It's been a banner year for Canadian indigenous artists, so it wasn't easy to narrow this down to just 10.
Let us know who is on your #IndigenousTopTen in the comments section below or on Facebook and Twitter.
Starry Skies Opened Eyes - Silver Jackson
It’s difficult to define Silver Jackson’s latest disc.
This experimental album is confusing, alluring and addictive.
It is a soundscape for the senses and an escape from reality. If Starry Skies Opened Eyes was a movie, it would be a cross between Cloud Atlas and Interstellar. You’re not really sure what you’re hearing but you know it’s beautiful.
The best part about the current indigenous music scene is the eclectic mix of genres and the fearlessness of the artists to explore the culture through language, traditional beats and innovative sounds. Silver Jackson encompasses all of this on Starry Skies Opened Eyes.
Livin’ Like Stars - Shawn Bernard
Hip-hop artist Shawn Bernard released his latest and most likely his last album from his hospital bed in Edmonton.
Bernard had already completed the CD when he was stabbed in the neck after giving people known to him a ride. Bernard was rushed to the hospital on April 25, 2014, but he was left a paraplegic.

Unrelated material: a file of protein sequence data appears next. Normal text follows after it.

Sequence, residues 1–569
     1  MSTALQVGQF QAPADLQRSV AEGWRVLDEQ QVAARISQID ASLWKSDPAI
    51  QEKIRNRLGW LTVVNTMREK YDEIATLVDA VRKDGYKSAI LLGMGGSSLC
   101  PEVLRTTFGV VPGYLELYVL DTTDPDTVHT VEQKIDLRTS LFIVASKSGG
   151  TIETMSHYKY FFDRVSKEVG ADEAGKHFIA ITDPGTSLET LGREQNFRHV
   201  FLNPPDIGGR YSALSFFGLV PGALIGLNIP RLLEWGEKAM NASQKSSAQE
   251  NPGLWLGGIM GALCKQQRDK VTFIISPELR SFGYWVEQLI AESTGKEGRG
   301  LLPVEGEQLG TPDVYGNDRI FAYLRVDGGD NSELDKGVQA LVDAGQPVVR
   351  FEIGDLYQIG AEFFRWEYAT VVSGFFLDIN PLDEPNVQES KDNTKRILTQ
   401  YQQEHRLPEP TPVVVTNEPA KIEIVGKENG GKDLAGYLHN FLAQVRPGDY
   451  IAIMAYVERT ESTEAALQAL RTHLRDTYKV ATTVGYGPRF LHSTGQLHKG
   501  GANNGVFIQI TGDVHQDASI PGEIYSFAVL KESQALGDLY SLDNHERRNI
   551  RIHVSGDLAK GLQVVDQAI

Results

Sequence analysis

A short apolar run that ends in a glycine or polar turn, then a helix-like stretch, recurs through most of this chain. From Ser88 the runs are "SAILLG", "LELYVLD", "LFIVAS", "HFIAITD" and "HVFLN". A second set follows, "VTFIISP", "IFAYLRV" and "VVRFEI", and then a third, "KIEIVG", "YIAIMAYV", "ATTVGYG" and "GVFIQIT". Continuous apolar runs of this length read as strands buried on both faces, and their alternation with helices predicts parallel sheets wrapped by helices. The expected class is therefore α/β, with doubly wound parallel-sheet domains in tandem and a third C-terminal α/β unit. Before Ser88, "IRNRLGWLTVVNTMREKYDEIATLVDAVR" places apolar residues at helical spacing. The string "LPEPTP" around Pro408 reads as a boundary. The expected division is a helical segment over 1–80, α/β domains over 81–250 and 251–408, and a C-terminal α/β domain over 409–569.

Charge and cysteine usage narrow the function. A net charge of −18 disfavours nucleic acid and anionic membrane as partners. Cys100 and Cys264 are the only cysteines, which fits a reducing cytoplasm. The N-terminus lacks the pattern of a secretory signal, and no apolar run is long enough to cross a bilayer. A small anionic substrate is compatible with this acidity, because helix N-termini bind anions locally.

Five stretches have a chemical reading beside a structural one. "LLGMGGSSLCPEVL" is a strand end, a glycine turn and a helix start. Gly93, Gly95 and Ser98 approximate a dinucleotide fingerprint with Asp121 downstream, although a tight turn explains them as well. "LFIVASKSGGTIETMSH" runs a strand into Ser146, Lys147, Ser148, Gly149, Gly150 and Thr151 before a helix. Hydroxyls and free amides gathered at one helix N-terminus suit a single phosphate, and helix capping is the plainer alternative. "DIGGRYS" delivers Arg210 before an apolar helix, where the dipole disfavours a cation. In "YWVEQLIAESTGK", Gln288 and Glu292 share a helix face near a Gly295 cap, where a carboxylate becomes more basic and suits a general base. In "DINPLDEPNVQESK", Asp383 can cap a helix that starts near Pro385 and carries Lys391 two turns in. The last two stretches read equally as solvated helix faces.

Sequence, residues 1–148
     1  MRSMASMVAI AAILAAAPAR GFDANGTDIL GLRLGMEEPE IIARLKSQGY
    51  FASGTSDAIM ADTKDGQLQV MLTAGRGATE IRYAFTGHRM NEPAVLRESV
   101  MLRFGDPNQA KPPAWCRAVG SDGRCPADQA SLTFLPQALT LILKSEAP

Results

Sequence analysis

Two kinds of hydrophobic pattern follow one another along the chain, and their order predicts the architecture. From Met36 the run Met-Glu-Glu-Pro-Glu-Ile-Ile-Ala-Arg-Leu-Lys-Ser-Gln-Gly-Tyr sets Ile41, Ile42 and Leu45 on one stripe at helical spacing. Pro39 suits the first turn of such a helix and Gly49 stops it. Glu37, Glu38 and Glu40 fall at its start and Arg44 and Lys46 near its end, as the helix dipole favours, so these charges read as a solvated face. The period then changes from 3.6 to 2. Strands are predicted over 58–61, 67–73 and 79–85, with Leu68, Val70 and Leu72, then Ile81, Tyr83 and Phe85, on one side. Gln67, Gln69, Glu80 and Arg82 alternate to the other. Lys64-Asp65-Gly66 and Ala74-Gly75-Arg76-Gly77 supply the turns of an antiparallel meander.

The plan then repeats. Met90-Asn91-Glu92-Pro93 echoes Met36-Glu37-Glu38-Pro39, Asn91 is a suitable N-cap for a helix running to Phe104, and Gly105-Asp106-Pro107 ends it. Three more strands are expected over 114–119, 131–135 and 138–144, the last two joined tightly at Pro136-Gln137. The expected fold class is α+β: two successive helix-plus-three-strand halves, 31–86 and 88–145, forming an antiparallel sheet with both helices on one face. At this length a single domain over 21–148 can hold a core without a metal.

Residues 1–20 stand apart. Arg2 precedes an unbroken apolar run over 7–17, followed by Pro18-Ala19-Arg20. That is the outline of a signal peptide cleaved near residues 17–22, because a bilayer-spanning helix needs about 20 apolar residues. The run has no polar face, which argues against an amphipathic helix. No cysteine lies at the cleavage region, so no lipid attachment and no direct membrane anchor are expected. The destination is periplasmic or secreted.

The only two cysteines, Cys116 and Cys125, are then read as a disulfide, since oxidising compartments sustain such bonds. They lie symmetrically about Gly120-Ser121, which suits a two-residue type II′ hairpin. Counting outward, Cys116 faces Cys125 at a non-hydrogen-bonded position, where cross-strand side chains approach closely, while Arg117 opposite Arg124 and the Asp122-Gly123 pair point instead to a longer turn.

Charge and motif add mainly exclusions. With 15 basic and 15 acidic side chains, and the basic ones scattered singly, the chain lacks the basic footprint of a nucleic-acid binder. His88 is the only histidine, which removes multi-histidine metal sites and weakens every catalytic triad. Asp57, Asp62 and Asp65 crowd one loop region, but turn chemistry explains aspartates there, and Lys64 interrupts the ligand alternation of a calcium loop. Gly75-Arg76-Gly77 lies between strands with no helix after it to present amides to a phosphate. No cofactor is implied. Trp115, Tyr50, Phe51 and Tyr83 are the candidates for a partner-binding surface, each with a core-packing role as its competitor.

Six days later with the help of friends, Bernard released Livin’ Like Stars on iTunes so he could qualify for the Aboriginal Peoples Choice Music Awards.
Bernard generously shares his songs with follow artists like Nathan Cunningham, Beatrice Love and Chelsea Young.
Although Bernard may not perform on a regular basis, it will be interesting to see him take up the producer's chair.
Kickin Krotch - Kickin’ Krotch
[IMAGE]It’s not often an all-indigenous heavy metal band comes along. But this five-piece group from Tobique First Nation, N.B., blends ‘80s heavy metal and a more contemporary sound while tying it all together with a cultural reflection of their community.
Nominated for Aboriginal recording of the year at the 2014 East Coast Music Awards, KickinKrotch deliver everything from guitar laden licks on Seven and Fearless to acoustic power ballads like Ghost Town and Karma.
Native North America Vol. 1 - Various Artists
This collection of hard-to-find musicians from the ‘60s to '80s has drawn a lot of attention from Rolling Stone to MacLeans.
The collection is available on a two-CD or triple-vinyl set and features indigenous artists from across Canada and the northern United States. It comes complete with interviews with artists who are still living as well as archival photographs.
Some of the music on the album is so rare only a handful of 45s were pressed and then distributed to northern CBC locations for play.
If you are a true music aficionado, then you should definitely add this album to your collection.
Indigenous Girl Lifestyle - JB the First Lady
JB has an unique vocal style that is instantly recognizable: part hip-hop, part spoken word, all rhythm and rhyme.
JB sings about residential school, reconciliation and what it means to be an indigenous female in a time of Idle No More. She also touches on the time-honoured tradition of girl meets boy with dubstep beats.